Why technology + income can suit an uncertain market

Markets are hesitant, but large-cap tech has been resilient. Learn why large-cap technology with an income strategy can help investors now.


By James Learmonth, Senior Portfolio Manager, Harvest ETFs

(Sponsor Content)

After recovering from some of their 2022 shocks early this year, markets have been trepidatious through most of 2023. That recovery and volatility story, on paper, looks broad based. Between January and mid-May, the S&P 500 is up around 8-9%. The S&P 500 Information Technology index, however, is up over 25% in the same rough time period. That outperformance skews even higher when we isolate some of the largest names in the technology sector.

So while overall market performance this year has been steady, turning choppier since the US banking crisis began in March, large-cap tech leaders are doing what they tend to do: lead.

In a macro environment of market uncertainty, high inflation and tech outperformance, one strategy can give investors exposure to large-cap technology companies, while providing income and ballast against volatility.

Why Large-cap Tech has been a leader

To understand how a tech income strategy can help investors, it’s worthwhile to unpack what has made technology a leading sector so far in 2023.

Q1 earnings season for tech shed some light on the sector’s outperformance. Part of that performance is due to a more broadly positive market sentiment in 2023, compared to 2022, in addition to some recovery following the sector’s struggles last year. Notable, however, is the positive reception large-cap companies have received for their artificial intelligence (AI) strategies.

AI has been the hot new topic this year, and large-cap tech companies have been quick to capitalize on the rapid pace of innovation in this space. Whether they are innovating their own AI tech, or applying AI to new areas these companies are creating serious value for shareholders with this technology.

It’s worth emphasizing the dominance of large-caps in this moment, companies like Meta, Apple, and Microsoft. In recent history, major tech leaps have been associated with ‘disruption’ of traditional larger players. So far in the rise of AI we’ve seen the largest companies leading, demonstrating their value as innovators and appliers of innovation.              

Why Volatility is persisting in the broader market

Despite all the positivity in large-cap technology, broad markets have been choppy this year. Most of their recovery took place in the first months of 2023, and since the onset of a US banking crisis in March market performance has been choppy up and down, aggregating out flat.

Macro forces are largely to blame. The banking crisis highlighted the ongoing impacts of rapid rate hikes by central bankers starting last year. Even as that hiking period seems to be ending, the consequences of those raised rates will be felt over the next several months. More recently, fears about the US debt ceiling have troubled markets while geopolitics continues to impact sentiment.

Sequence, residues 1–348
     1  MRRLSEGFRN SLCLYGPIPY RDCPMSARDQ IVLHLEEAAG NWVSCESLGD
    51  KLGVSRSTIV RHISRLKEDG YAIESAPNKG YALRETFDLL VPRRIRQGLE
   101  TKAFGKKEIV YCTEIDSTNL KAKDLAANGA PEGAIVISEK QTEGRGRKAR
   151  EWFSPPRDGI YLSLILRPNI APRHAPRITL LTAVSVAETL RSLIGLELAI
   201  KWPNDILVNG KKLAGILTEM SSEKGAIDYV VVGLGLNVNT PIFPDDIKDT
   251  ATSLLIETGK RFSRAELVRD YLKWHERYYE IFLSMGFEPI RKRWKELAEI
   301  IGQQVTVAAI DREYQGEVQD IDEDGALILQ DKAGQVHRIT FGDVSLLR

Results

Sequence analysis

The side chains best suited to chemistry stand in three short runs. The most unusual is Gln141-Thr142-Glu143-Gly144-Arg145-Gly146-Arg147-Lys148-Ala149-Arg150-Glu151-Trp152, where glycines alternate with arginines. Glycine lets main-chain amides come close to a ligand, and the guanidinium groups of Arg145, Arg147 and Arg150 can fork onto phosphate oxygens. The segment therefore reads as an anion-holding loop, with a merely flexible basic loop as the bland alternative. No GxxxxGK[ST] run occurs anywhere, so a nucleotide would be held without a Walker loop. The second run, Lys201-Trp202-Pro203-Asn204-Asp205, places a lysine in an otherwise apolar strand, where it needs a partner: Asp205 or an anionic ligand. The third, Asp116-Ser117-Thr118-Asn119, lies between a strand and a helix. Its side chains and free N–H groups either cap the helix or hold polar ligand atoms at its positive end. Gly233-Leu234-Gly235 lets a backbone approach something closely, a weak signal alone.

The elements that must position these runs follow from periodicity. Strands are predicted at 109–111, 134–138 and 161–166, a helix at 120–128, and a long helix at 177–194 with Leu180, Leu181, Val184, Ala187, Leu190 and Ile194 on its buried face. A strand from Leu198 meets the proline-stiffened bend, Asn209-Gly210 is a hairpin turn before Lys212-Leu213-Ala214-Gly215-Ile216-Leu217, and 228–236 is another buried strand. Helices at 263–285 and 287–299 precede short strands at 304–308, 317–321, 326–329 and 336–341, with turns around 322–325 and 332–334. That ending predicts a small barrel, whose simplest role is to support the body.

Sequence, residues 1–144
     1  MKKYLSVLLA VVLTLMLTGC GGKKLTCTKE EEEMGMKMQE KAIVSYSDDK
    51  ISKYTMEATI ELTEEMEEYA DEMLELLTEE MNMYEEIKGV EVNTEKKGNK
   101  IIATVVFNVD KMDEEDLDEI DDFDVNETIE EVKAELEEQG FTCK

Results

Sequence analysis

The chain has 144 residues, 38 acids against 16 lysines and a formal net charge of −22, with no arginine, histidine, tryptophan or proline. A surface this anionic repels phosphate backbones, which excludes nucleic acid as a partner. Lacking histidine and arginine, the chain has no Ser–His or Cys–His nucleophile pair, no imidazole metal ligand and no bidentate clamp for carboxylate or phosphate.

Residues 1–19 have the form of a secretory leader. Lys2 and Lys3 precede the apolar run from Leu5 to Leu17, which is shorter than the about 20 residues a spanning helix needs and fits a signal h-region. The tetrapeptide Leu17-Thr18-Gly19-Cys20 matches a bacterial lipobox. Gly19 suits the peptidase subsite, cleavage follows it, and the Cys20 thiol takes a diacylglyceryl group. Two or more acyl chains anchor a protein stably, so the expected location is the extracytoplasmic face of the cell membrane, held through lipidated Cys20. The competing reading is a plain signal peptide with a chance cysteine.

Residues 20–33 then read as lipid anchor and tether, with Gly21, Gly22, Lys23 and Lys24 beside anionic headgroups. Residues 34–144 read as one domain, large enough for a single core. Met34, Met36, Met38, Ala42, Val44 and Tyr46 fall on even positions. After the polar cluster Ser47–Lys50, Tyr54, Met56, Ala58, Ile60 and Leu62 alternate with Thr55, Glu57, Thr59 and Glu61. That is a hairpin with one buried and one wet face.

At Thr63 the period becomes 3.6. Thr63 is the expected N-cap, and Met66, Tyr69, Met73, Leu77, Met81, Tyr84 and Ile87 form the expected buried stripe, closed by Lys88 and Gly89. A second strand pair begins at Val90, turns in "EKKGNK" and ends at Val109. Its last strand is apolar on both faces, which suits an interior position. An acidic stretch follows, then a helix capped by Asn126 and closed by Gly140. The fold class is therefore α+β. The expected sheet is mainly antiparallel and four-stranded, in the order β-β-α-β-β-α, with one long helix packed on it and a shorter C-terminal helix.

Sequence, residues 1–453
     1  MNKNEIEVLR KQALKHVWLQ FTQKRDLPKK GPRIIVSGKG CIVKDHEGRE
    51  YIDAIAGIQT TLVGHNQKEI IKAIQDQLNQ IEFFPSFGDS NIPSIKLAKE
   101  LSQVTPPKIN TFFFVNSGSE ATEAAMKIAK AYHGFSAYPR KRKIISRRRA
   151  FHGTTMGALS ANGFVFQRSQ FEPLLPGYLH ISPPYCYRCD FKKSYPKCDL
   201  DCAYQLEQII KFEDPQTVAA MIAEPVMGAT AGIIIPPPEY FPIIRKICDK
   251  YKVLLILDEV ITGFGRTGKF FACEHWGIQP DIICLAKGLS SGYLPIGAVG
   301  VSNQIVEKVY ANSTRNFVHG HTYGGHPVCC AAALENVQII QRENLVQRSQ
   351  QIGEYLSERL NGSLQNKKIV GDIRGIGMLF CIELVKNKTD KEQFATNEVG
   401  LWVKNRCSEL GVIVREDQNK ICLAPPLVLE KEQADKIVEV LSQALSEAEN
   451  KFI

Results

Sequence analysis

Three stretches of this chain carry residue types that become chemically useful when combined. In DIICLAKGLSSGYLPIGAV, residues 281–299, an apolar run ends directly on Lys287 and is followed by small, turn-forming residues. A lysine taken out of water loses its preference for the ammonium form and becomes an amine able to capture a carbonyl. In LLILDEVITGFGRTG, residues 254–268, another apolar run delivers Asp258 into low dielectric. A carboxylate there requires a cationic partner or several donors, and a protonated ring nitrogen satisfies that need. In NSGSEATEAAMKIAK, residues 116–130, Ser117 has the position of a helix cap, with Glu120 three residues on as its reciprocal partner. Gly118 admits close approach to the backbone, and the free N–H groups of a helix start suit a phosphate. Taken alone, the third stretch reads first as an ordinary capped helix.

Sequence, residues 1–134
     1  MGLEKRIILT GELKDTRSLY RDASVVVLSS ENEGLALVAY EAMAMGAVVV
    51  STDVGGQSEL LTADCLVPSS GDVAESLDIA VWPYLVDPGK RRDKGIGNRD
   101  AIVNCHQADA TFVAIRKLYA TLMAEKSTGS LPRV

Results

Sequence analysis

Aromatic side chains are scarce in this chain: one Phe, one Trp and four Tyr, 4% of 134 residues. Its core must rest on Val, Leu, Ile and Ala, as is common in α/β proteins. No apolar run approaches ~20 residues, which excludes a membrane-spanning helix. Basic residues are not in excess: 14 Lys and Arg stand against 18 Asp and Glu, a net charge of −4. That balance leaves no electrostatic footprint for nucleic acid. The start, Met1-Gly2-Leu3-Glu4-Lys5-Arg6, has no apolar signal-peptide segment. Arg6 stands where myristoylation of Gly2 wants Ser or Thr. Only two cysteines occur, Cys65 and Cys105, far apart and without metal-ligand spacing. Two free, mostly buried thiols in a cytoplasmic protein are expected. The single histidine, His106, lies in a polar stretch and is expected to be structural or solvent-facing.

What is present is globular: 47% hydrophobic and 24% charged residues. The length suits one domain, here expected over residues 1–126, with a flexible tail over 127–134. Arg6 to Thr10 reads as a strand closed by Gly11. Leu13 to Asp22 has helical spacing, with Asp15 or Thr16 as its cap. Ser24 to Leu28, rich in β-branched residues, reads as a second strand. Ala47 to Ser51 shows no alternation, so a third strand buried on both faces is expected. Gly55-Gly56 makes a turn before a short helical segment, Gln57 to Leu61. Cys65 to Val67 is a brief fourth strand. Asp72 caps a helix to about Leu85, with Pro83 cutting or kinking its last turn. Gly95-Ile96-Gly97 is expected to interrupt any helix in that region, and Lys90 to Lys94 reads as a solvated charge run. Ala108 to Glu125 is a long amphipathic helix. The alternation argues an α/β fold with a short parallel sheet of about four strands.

In short, tech is leading a market that hasn’t yet found true stability. The question then, is where can investors turn?

 A Tech ETF for income and volatility

The Harvest Tech Achievers Growth & Income ETF (HTA:TSX) is designed to deliver exposure to tech’s largest leaders. With a portfolio of 20 companies, screened by market cap and selected for diversification, HTA brings broad-based diversity, including companies like NVIDIA specializing in semiconductors, Accenture in IT services, and Cisco in communications as well as the traditional software, social media, and device leaders.

In addition to that diversified portfolio, HTA uses an active & flexible covered call option strategy to generate a high monthly income distribution. The ETF sells covered calls, effectively the right to buy shares on a future date at today’s price, to generate premiums. Those premiums are bundled with any dividends and passed on to unitholders as income.

While the call option strategy inherently foregoes some upside for that income, the active nature of HTA’s strategy can optimize that exchange and give investors positive exposure to market volatility.

Like all Harvest Equity Income ETFs, HTA has a maximum 33% write limit applied to its entire portfolio. That means at least 67% of the portfolio is exposed to market upside potential at all times. Within that 33% limit, too, HTA’s portfolio managers are empowered to actively write covered calls on as much or as little of the portfolio as necessary to generate the ETF’s income distribution. When markets get volatile, call options can generate higher premiums. So HTA can effectively monetize market volatility, while retaining exposure to large-cap tech leaders.

Large-cap tech has shown attractive qualities in a rocky market environment, but the overall macro picture still points to instability. We believe that a strategy like HTA, combining large-cap tech leaders with a volatility-oriented active covered call strategy, can be of real benefit to Canadian investors in this environment.  

James Learmonth is a Senior Portfolio Manager for Harvest ETFs. He is responsible for Harvest’s Information Technology, US Financials, and Global Brand Leaders ETFs and is a 20+ year veteran of the financial services industry.

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